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The Securities and Exchange Commission (SEC) has reported that compliance reviews of US brokerage firms continue to expose deficiencies in anti-money laundering (AML) efforts.
According to the SEC’s compliance exam division, firms that do not dedicate adequate resources to their anti-money laundering programs continue to be reported by regulators in light of the volume and risks involved in their activities.
The SEC emphasised that the resource issue “can be exacerbated in the current environment of new and increasing sanctions, particularly where the same firm personnel performs both AML and sanctions compliance functions.”
The regulator highlighted areas for improvement in firms’ compliance with the requirement for independent testing of AML controls, and the reviews revealed that firms’ AML efforts are undermined when controls are not implemented consistently.
Additionally, the regulators identified shortcomings in the broker’s sanctions compliance programs, as well as their identification verification processes and compliance with important customer due diligence and beneficial ownership requirements.
The SEC has filed several enforcement actions against broker-dealers over the years. FINRA (broker-dealers) and the Financial Crimes Enforcement Network (FinCEN) enforced the Bank Secrecy Act on firms registered with the SEC as brokers or dealers. Furthermore, FinCEN required that brokers develop written programmes for customer identification, conduct due diligence on their customers, and monitor their accounts for suspicious activity. Brokers are required to file SARs when suspicious activities are identified.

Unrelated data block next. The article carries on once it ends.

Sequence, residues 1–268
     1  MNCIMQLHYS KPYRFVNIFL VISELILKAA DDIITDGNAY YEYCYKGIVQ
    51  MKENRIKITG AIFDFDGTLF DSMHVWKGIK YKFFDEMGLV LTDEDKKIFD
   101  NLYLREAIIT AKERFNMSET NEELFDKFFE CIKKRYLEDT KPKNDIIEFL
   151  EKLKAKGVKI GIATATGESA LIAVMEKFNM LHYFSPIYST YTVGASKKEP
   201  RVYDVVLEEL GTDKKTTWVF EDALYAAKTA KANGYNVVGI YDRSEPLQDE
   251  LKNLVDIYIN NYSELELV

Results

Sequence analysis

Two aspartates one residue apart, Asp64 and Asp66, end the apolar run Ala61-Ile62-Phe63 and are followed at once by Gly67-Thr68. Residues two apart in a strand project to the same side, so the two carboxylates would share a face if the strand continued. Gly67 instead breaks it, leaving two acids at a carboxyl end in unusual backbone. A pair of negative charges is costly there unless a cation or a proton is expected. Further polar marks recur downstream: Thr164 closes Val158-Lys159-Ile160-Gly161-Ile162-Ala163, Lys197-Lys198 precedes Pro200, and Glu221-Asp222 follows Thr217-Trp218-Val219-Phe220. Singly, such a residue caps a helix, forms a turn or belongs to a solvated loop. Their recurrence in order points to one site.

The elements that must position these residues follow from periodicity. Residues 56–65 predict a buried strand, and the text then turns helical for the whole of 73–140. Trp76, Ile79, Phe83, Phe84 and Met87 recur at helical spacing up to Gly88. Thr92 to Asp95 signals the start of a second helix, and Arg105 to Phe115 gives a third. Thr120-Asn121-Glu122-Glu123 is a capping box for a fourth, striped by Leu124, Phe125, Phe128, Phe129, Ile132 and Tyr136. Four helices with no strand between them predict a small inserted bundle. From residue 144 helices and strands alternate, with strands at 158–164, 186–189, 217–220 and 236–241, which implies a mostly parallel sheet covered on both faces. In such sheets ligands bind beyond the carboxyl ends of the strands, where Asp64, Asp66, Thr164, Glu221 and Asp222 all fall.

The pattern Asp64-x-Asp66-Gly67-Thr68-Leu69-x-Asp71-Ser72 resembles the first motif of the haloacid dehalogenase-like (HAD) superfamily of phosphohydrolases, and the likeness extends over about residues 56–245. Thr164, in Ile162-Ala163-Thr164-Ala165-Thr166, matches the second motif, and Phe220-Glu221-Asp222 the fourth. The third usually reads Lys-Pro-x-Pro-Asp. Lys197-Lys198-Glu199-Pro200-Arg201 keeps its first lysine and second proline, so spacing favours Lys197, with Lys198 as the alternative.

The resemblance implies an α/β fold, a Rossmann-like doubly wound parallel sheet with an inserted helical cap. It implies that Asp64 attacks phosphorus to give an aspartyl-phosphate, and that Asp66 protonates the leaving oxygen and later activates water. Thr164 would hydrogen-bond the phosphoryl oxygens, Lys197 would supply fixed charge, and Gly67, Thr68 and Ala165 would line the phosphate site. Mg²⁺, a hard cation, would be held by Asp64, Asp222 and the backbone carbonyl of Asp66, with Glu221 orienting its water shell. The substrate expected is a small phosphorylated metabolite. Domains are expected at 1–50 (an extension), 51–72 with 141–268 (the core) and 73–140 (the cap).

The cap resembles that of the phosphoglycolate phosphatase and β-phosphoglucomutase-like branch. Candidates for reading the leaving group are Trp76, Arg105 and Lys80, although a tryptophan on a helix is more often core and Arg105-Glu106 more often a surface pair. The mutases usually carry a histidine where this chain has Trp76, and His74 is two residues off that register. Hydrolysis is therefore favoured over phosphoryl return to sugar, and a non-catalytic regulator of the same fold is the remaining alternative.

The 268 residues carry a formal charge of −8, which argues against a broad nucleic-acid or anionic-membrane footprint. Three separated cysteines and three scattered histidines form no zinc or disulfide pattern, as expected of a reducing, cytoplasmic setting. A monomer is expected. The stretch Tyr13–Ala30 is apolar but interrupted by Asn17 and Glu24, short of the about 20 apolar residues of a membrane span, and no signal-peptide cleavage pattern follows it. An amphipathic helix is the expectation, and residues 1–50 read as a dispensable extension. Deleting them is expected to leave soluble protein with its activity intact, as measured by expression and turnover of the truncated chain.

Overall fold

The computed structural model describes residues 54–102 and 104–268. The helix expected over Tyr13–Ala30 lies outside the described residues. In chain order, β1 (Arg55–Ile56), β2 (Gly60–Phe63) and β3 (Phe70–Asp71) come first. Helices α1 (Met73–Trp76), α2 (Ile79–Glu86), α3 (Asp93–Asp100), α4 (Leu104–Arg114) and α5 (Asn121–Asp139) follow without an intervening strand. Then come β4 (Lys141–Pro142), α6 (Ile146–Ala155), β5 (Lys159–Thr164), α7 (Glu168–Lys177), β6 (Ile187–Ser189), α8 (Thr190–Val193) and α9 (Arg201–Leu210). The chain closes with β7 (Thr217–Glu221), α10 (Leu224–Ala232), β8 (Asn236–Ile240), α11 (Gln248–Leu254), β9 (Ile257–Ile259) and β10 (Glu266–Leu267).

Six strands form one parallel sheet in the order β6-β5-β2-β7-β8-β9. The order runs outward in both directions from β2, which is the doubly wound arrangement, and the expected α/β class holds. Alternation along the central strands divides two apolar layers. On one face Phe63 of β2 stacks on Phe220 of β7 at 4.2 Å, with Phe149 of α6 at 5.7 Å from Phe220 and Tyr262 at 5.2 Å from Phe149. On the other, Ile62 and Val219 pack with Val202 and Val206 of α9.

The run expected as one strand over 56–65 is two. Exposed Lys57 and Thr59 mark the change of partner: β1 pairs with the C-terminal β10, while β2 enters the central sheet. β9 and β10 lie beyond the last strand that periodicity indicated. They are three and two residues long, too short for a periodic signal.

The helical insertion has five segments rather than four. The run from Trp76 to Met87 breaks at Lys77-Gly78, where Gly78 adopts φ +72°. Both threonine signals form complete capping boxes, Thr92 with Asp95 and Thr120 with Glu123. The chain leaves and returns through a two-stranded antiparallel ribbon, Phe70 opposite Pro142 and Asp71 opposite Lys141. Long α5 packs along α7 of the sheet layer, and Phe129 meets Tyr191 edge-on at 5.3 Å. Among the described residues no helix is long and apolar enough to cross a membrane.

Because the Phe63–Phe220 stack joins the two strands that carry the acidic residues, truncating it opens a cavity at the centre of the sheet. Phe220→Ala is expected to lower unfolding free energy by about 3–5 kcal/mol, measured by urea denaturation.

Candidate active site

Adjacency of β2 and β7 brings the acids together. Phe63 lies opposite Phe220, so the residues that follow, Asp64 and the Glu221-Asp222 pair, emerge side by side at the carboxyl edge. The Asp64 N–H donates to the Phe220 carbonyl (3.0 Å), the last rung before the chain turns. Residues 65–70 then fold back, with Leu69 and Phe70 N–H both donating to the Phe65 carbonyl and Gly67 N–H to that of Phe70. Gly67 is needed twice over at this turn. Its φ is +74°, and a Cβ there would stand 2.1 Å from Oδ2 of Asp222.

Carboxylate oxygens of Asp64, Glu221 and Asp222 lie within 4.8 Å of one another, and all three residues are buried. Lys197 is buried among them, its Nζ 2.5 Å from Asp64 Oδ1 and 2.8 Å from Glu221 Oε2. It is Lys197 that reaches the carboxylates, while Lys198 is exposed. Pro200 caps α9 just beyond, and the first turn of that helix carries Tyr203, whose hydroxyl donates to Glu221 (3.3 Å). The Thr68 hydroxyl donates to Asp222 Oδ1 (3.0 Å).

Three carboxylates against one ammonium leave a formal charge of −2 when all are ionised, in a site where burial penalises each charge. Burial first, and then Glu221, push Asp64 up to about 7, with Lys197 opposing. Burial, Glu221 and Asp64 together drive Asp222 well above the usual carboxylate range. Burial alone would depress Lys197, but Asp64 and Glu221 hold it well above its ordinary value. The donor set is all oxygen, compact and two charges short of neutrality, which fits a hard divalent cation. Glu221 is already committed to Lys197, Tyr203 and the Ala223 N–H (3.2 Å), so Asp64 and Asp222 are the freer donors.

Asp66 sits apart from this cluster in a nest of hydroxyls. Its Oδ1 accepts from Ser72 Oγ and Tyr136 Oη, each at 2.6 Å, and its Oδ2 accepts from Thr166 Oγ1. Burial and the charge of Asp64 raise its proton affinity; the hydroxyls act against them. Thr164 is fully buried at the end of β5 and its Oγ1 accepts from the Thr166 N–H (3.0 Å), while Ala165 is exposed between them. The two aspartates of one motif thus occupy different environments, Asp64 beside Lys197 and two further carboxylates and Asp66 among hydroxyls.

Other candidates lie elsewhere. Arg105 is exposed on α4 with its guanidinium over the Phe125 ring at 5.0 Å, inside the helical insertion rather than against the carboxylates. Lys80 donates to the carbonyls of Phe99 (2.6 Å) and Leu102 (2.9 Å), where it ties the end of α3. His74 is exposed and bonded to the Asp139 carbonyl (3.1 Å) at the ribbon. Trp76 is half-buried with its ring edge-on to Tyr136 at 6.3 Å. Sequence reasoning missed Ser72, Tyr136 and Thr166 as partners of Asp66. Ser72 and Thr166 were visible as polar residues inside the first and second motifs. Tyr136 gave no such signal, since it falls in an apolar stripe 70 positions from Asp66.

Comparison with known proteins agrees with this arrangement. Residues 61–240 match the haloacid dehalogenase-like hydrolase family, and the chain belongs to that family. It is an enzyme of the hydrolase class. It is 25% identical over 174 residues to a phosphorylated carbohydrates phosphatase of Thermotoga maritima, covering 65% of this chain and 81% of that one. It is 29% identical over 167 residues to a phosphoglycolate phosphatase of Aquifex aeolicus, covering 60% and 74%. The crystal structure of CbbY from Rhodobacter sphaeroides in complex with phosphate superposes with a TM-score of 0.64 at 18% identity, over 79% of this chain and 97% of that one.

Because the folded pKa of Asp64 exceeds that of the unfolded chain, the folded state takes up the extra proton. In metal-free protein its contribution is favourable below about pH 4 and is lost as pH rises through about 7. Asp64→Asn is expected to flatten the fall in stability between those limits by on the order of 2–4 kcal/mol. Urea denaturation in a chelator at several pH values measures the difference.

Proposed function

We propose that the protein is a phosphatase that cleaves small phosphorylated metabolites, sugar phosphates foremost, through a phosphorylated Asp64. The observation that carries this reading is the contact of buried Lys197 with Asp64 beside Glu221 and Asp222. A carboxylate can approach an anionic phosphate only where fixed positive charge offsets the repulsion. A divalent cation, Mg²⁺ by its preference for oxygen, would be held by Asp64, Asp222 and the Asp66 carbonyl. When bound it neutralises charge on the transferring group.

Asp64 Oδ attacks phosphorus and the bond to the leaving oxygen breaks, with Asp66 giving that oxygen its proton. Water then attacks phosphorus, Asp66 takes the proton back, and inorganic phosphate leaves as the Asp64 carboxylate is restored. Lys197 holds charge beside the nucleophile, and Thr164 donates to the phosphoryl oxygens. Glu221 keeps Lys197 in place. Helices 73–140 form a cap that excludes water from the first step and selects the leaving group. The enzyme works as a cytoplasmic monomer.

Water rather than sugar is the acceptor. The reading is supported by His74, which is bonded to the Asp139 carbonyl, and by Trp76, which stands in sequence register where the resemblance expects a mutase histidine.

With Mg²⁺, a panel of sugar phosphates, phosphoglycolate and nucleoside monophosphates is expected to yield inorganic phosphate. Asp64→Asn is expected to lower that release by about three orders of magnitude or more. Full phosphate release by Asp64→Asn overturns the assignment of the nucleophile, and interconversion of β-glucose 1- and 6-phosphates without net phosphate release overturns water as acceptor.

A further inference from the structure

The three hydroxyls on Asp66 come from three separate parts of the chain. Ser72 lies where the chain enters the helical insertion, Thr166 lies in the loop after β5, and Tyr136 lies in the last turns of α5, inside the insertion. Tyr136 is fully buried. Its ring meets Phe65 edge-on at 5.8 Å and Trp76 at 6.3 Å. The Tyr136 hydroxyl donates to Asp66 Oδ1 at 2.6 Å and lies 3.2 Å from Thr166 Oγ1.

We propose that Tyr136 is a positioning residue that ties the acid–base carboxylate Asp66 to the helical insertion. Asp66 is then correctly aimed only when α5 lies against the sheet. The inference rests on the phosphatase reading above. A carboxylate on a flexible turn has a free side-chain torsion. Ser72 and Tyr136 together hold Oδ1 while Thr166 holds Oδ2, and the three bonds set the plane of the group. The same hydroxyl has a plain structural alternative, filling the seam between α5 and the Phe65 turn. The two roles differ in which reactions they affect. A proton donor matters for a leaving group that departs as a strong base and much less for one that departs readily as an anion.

Since 2013, when the SEC’s enforcement division formed a broker-dealer task force, it has focused on these provisions, “Section 17 of the SEC Act and Rule 17a-8,” as a priority for holding brokers accountable for anti-money laundering (AML) violations.
Over the years, the SEC has demonstrated its intense interest and seriousness in achieving this objective through its approach to examinations, investigations, and, most recently, litigation. Following the findings of the SEC, firms have been instructed to review and strengthen their anti-money laundering policies, procedures, and internal controls. However, the SEC’s continued pursuit of these violations, including a $23 million penalty in one instance, reinforces the need for brokers and dealers to maintain compliance with AML requirements.